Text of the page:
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Document Type

Research

Keywords

saturated fat, soybean oil, school meals, child nutrition

Abstract

This study evaluated the impact of using low-saturated-fat soybean {Glycine max (L.) Merr.} oil on the saturated fat content of school menus. Seventy-six weekly menus were obtained from the Iowa Department of Education during School Meals Initiative reviews for the 1996-1997 school year. Three modifications were performed on school menus using the Nuttikids computer program: Low-saturated- fat (LSF) soybean oil replaced traditional vegetable oil in menu items; LSF soybean oil was substituted for traditional vegetable oil, solid fats, and egg yolks in recipes; and a menu simulation was conducted where oils and solid fats used in menu items were postulated to contain no saturated fat. Saturated fat content (grams and percentage of energy) was assessed at baseline and after each modification. Total fat (grams and percentage of energy) was assessed at baseline and after the second modification. Saturated fat and total fat decreased significantly from baseline following the second modification. After the second modification, 47% of menus met the dietary guideline for saturated fat compared with 32% of menus at baseline. Results suggested that LSF soybean oil improved the nutritional quality of school menus when substituted for traditional vegetable oil and solid fats in recipes.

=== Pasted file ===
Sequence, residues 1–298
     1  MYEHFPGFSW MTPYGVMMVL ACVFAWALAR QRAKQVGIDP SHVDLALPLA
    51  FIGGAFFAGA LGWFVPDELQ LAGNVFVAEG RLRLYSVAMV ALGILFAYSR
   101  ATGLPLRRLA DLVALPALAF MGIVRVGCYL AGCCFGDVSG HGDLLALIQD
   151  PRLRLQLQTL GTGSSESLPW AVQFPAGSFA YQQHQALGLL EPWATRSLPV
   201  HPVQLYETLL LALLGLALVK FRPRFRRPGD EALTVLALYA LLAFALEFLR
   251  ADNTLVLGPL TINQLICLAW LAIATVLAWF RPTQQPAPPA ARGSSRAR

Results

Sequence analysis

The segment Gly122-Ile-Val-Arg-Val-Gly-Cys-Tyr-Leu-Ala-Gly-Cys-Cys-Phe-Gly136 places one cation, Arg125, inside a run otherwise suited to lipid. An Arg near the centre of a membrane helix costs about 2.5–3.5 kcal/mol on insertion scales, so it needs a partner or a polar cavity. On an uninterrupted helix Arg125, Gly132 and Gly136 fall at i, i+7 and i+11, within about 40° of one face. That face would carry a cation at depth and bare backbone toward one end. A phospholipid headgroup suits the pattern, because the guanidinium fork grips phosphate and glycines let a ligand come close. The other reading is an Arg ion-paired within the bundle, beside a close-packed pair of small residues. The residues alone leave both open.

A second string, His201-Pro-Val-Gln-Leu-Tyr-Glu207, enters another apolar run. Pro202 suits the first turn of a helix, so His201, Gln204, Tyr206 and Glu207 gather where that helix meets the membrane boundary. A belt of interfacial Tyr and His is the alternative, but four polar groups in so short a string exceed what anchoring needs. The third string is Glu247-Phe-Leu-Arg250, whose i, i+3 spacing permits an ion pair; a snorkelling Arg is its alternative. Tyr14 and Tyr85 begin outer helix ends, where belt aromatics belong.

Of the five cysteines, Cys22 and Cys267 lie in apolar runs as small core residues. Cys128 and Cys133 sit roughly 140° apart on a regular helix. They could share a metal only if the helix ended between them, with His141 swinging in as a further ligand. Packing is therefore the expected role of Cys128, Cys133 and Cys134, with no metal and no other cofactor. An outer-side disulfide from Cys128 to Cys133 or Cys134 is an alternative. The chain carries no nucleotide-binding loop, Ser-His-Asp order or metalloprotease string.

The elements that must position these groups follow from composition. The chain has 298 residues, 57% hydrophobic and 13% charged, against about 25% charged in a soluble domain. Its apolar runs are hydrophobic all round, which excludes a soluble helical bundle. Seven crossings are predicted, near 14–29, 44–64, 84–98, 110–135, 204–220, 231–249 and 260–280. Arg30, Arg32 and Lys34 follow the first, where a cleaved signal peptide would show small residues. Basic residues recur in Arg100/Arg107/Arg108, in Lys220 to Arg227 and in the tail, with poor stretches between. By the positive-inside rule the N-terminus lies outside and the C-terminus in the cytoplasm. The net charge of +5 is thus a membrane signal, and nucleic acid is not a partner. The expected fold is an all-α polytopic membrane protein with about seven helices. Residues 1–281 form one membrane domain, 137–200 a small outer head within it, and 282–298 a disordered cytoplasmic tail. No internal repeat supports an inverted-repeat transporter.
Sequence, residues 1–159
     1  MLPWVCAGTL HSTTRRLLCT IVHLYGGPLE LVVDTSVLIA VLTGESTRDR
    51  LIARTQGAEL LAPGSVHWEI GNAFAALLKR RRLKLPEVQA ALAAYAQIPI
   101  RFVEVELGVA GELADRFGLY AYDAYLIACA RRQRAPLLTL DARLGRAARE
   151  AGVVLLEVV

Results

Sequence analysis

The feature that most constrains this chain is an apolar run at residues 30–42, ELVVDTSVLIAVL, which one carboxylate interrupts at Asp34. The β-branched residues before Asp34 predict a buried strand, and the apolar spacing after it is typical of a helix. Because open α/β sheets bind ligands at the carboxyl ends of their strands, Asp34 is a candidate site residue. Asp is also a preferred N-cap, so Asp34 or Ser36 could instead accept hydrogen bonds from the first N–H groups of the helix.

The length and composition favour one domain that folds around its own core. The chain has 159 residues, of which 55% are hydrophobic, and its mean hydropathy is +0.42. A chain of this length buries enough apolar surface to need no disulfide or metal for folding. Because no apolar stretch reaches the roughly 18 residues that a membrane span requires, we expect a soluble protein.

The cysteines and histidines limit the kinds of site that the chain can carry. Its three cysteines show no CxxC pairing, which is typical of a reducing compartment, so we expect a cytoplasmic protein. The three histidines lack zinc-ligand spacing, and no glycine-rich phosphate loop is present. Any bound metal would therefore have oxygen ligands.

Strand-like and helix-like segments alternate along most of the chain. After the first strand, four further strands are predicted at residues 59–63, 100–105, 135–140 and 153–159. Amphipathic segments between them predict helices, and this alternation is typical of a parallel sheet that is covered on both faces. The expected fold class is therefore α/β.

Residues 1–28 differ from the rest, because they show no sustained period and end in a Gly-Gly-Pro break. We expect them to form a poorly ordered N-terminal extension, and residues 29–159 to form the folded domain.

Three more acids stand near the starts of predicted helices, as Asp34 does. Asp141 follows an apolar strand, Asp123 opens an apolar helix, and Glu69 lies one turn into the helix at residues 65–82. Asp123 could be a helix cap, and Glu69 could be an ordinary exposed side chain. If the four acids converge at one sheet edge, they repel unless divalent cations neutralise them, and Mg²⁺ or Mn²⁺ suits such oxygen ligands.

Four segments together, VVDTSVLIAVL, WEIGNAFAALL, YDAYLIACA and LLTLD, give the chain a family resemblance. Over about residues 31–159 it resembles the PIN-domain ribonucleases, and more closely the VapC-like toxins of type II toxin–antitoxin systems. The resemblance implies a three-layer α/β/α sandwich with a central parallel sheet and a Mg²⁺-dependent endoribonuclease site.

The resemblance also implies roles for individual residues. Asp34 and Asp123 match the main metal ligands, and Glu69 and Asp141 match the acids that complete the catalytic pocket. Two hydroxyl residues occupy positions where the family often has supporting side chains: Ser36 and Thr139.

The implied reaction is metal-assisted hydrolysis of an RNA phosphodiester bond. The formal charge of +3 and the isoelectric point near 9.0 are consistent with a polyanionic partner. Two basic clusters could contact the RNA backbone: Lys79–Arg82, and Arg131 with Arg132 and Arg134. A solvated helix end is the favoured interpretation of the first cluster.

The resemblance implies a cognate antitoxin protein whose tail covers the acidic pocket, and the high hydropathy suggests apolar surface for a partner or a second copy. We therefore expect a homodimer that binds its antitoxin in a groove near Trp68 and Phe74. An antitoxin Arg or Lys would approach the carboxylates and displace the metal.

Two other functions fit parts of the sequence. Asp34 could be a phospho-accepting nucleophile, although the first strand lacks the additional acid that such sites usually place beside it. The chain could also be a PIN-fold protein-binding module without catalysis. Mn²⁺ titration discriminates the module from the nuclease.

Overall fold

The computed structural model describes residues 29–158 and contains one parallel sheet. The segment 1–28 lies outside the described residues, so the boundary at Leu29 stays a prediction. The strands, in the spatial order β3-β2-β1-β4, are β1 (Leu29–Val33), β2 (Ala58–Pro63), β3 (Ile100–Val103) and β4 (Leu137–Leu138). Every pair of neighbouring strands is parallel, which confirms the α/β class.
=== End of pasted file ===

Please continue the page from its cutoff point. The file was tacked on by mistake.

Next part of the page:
Publication Date

March 2001

Journal Title

Journal of the Iowa Academy of Science

Volume

108

Issue

1

First Page

1

Last Page

5

Copyright

© Copyright 2001 by the Iowa Academy of Science, Inc.

Language

EN

File Format

application/pdf